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Why Personal Advice from Friends and Family Is Often Biased

post by, VanCityLifeCoach.com

Advice

As a Relationship and Life Coach, guiding others is a job I find incredibly fulfilling and I’m always eager to support my clients. I coach passionately and as a result, what I do has sewn itself into my identity and has become a part of who I am. As this becomes more evident, I’ve noticed more people within my personal network are coming to me for advice, albeit their intention or not.

It’s difficult for me to ‘switch off’ from what I call “Coaching Mode”. I’m often like a child who has discovered something new about themselves and I’m eager to share it with everyone I run into. Therefore it can get difficult leaving “The Coach” behind, when connecting/reconnecting with people within my personal network.

Think about the number of times friends and family have come to you seeking your advice or opinion. Now, for instance, think about the number of times you’ve had to lie or bend the truth in order to protect their feelings.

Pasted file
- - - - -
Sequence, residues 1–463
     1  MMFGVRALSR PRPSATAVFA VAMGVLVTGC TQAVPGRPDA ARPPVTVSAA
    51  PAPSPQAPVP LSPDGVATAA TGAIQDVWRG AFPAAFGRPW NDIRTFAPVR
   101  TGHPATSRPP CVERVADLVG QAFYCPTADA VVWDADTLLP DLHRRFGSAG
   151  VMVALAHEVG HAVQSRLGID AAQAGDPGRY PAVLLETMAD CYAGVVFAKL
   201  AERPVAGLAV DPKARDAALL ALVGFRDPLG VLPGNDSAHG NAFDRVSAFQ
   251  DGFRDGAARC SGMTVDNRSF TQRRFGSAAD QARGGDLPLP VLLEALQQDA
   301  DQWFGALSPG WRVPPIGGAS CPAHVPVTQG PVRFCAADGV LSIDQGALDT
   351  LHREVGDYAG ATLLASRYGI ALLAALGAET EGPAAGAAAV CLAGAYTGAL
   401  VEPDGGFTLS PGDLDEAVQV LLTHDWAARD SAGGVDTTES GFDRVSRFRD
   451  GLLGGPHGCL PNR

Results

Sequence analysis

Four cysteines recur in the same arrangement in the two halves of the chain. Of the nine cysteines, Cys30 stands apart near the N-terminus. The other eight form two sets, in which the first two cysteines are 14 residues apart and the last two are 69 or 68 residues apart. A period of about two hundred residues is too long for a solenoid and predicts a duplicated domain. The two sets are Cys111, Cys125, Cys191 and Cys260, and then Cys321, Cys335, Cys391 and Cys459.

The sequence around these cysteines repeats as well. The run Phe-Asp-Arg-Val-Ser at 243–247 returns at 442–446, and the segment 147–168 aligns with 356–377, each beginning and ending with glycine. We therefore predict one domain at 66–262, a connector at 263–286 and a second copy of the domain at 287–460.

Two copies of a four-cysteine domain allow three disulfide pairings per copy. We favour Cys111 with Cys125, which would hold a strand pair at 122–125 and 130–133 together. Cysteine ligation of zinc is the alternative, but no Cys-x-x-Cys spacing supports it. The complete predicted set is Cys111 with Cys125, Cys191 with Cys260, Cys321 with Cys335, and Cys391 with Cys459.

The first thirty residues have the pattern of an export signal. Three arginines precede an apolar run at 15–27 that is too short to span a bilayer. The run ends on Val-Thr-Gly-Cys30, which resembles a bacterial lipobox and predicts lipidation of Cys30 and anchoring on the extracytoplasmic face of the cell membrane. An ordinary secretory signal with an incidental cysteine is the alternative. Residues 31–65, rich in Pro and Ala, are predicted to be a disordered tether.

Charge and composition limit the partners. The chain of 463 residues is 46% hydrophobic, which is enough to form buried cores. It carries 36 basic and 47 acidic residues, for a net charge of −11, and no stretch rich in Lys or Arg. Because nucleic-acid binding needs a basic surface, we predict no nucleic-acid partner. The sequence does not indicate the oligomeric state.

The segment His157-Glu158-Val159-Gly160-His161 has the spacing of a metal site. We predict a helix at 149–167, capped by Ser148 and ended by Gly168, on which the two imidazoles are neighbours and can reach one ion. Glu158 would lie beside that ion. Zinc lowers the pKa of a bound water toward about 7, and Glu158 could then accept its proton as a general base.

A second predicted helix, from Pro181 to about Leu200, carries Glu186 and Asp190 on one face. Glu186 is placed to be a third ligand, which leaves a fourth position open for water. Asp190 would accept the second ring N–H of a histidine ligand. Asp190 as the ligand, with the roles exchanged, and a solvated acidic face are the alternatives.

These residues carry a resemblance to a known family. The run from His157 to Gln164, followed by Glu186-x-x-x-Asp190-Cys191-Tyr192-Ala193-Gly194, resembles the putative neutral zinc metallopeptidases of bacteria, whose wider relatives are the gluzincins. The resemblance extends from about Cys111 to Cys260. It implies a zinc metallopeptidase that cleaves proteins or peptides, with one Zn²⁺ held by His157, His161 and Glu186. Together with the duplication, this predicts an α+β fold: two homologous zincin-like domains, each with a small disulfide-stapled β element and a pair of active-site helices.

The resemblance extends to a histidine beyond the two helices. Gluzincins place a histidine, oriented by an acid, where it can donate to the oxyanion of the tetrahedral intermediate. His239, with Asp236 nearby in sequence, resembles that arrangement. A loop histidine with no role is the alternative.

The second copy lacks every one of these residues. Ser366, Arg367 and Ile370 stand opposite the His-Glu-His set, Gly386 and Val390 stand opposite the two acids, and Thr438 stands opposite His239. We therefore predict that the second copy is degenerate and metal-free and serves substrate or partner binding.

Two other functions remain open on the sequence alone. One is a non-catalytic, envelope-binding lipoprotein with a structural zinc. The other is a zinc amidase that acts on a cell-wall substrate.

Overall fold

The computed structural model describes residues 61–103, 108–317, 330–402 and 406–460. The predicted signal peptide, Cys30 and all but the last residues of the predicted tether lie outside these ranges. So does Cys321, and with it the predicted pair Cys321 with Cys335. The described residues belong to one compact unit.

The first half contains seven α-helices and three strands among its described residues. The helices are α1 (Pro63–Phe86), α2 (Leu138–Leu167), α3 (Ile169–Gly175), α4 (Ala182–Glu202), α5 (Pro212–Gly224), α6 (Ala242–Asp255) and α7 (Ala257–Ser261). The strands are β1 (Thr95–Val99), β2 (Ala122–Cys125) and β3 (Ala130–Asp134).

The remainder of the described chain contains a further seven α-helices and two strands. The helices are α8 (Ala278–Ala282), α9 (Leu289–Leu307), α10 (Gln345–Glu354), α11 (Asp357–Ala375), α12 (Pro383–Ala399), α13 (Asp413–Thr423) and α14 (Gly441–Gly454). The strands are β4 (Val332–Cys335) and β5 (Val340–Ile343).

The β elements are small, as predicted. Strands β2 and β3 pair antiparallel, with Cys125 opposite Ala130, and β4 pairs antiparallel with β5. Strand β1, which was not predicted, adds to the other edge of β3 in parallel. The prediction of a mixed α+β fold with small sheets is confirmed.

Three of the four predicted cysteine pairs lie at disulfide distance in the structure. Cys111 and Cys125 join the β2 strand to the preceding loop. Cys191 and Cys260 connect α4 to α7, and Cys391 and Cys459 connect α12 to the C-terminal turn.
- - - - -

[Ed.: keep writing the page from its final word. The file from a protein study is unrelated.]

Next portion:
Before stumbling onto this path, I never had an issue with saying and doing the appropriate thing in order to protect the people I care for from getting hurt. However, what I’ve learnt about myself and other people through my work and professional experiences, the appropriate thing to say and do, isn’t necessarily the right thing to say and do. It’s a fine line that I’ve become weary of in recent years, as I continue to connect with people in my personal network both past and present.

As a coach, I’m hired to give my honest and professional opinion. I’ve been hired for a specific reason and to achieve results, complete, and sometimes brutal honesty is required at all times. As a neutral party, my only concern is the well-being of my client and his/her actual responsibilities. However, in my personal network, whereby I’m emotionally tethered, maintaining neutrality is very difficult. In some circumstances where I’m asked for advice, support, guidance or even just an opinion, I find myself facing the following dilemmas:

Do I, a. Compromise my work and what I know and do well, just to keep those nearby happy and content? Or, b. Advise with complete integrity and run the risk of stirring up conflict within my personal network?